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Item Management Systems

# Item Piles

Joe user would expect an item pile to have the following properties:

• Turning an item into a pile with a single item
• Creating an empty pile
• Removing all the objects from a pile
• Adding a specific amount of a certain object to a pile
• Removing a specific amount of an object (if there are not enough, then mention how many more objects would have been necessary).
• Counting the objects of a certain type.
• Combining two piles together.

It is similar to associating to each item an integer (the amount of said item present in the pile). As far as implementation goes, the user will need to access (read and/or modify) at a moment's notice the amount of a particular item present in the pile, which rules out all list containers and their O(n) random access.

A vector where the indices are the item types would be the fastest method, allowing O(1) access, but this approach has two problems : first, item piles can contain as little as a single object, so allocating an array just for one is wasted memory (especially when the vector's length is equal to the number of different items in the game). Second, an item is not just a number: it also has other properties than its type. Having two items with the same type but with different properties in a single pile would lead to big problems (forcing us into a vector of item containers later on). The only way to avoid this is basing the access not on the type of object, but on the comparison functions for the object.

The next best random access time is O(log n), and can be implemented with either sorted vectors or maps (or sets) without any serious memory hits. Going the vector (or set) way would be impractical, because we would have to store item-amount pairs in the container, making the implementation more complex to code. A map, however, works perfectly.

This leads us to the class definition for item piles:

```class cItemPack {

std::map< cItem, unsigned long > contents;

public:

cItemPack( cItem & , unsigned long );
void clear( );
unsigned long add( const cItem & , const unsigned long );
unsigned long remove( const cItem & , const unsigned long );
unsigned long getAmount( const cItem & ) const;
const std::map< cItem, unsigned long > & getItems( ) const;
cItemPack & operator= ( const cItemPack & );
cItemPack & operator+= ( const cItemPack & );
cItemPack operator+ ( const cItemPack & ) const;

};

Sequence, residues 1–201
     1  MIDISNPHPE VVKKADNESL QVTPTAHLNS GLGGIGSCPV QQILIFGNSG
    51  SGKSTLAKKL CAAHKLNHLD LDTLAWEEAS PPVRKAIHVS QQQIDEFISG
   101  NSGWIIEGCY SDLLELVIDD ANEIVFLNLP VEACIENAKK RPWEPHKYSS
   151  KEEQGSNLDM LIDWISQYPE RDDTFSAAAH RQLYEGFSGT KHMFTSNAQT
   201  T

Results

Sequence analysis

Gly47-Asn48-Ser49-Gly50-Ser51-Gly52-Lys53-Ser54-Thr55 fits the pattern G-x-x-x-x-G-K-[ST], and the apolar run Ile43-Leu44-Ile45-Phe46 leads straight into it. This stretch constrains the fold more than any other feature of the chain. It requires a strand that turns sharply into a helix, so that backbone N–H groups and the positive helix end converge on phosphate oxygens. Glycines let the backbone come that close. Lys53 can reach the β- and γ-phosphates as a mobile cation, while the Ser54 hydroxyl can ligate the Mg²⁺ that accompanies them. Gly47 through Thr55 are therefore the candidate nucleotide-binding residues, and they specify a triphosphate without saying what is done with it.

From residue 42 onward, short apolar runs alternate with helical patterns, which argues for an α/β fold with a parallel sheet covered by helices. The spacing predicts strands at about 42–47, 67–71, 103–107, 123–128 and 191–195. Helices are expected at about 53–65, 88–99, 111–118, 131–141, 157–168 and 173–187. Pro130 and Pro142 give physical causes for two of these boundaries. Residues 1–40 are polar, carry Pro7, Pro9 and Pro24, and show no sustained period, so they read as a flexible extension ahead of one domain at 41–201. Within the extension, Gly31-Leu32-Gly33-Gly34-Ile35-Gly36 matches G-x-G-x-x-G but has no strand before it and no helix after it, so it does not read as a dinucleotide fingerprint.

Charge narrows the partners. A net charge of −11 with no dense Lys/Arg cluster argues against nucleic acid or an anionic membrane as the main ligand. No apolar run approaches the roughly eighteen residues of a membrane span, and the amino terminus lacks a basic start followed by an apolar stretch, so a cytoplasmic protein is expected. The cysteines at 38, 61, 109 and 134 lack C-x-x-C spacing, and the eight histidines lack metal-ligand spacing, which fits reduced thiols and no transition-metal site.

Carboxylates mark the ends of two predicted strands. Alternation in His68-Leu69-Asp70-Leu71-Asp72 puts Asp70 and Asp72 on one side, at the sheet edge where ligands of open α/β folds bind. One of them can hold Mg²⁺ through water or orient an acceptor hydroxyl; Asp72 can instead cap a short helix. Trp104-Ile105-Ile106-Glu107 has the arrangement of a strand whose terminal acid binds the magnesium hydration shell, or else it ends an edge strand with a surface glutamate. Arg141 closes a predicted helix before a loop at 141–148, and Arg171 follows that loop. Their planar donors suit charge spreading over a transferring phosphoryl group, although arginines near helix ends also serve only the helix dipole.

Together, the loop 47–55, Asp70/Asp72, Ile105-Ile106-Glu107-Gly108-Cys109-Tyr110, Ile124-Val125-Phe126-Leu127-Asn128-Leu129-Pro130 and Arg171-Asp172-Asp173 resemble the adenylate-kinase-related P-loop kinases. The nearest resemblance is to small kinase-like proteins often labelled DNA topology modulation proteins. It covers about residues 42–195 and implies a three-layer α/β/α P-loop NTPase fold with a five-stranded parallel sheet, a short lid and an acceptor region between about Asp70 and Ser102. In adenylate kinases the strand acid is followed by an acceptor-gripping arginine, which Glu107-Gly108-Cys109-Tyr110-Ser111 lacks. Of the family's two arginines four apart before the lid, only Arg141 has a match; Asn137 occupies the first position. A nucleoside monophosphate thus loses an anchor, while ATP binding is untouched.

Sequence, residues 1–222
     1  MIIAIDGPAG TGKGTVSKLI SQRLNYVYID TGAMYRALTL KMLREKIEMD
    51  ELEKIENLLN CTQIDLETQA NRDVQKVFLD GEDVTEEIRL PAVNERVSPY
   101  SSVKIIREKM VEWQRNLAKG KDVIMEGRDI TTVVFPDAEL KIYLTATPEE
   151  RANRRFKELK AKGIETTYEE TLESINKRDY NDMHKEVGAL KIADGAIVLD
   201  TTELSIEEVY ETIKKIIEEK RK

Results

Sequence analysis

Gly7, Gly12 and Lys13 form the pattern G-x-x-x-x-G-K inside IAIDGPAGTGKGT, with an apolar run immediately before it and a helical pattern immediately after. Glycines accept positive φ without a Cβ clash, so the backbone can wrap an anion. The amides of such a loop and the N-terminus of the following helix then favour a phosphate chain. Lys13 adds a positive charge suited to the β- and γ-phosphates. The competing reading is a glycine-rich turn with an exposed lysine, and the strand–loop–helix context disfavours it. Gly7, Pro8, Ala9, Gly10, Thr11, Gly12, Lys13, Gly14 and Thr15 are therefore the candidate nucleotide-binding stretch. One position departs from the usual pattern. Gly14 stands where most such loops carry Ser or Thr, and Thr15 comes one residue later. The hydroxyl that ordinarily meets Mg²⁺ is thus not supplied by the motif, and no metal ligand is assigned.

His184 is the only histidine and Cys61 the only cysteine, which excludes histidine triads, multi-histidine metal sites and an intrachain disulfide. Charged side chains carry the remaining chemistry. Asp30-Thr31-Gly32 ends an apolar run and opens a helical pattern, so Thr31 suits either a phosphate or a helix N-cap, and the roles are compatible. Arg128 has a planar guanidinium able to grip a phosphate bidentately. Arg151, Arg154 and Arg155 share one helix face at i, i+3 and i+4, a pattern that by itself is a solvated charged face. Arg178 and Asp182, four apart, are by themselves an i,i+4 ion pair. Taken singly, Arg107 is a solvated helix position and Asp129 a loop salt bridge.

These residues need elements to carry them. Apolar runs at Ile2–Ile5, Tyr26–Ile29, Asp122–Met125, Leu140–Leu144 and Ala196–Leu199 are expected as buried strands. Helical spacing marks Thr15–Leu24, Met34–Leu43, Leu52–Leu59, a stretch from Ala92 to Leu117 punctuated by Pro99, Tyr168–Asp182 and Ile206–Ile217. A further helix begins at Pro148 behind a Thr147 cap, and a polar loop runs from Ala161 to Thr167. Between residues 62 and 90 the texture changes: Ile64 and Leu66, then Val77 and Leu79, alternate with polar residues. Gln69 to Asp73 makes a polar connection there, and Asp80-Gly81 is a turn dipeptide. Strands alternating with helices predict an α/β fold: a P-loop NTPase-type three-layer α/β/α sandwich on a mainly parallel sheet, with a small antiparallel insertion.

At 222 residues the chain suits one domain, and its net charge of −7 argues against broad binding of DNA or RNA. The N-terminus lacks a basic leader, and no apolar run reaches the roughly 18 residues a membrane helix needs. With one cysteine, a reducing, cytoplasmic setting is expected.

```

I have chosen to allow only positive amounts of objects. While this could have been useful to represent a NPC merchant's "plans" about what to buy or sell, it only adds unnecessary complication, since in almost all cases an item pile represents a physical entity where negative amounts are impossible. Next up is the implementation:

```cItemPack::cItemPack( cItem & i, unsigned long a ) { contents[i] = a; }
void cItemPack::clear( void ) { contents.clear( ); }
cItemPack & cItemPack::operator=( const cItemPack & o ) {

contents = o.contents;
return( *this );

}
```

The two constructors, the clear function and the assignment operator are pretty straightforward: there is nothing to specifically initialize. The "from item" constructor showcases the ease of use associated with the map implementation: items can actually be used as indices to access elements of the map. The following function adds a definite amount of a certain object to the pile, and returns the amount of objects after the addition:

```unsigned long cItemPack::add( const cItem & i,
const unsigned long a )
{

return( contents[i] += a );

}
```

A function that returns the amount of a certain type of object could work as well, but it would be convenient if it could be used on a const object. The problem with this is that the [] operator on a map is not a const function, so the code needs to work around this by using a const iterator, setting it to a possible amount of that item in the map, and if the item is not present, return 0.

```unsigned long cItemPack::getAmount( const cItem & i ) const {

std::map< cItem,unsigned long >::const_iterator j;
j = contents.find( i );
if( j == contents.end( ) ) { return( 0 ); }
else { return( j->second ); }

}
```

However, a little bit more care needs to be taken of the removal function, because we have to check if there are enough elements inside the pile to be removed (you would not want the player to unequip 200 helmets and end up with 199 bonus headgear). The value returned by the function will be the amount of items that could not be removed (because there were some missing):

```unsigned long cItemPack::remove( const cItem & i,
const unsigned long a )
{

unsigned long t = contents[i];
if( a > t ) { contents[i] = 0; return( a-t ); }
else { contents[i] = t-a; return( 0 ); }

}
```

Also, there are the functions for combining two piles together. The + operator uses the += operator (because it is easier to add objects from one pile to another pile, than adding two piles together into a new one).

```cItemPack & cItemPack::operator+=( const cItemPack & o ) {

std::map< cItem,unsigned long >::const_iterator i;
for( i = o.contents.begin( ); i != o.contents.end( ); ++i ) {

}
return( *this );

}

cItemPack cItemPack::operator+( const cItemPack & o ) const {

return( cItemPack(*this) += o );

}
```

And finally, in order not to restrict ourselves to these functions as far as reading through the pile goes, I have added a final function that returns a const instance of the map, which can then be used to access directly the data about the various objects (namely through iterators).

```const std::map< cItem,unsigned long > &
cItemPack::getItems( void ) { return( contents ); }
```

The Item Database

Contents
 Introduction Item Piles The Item Database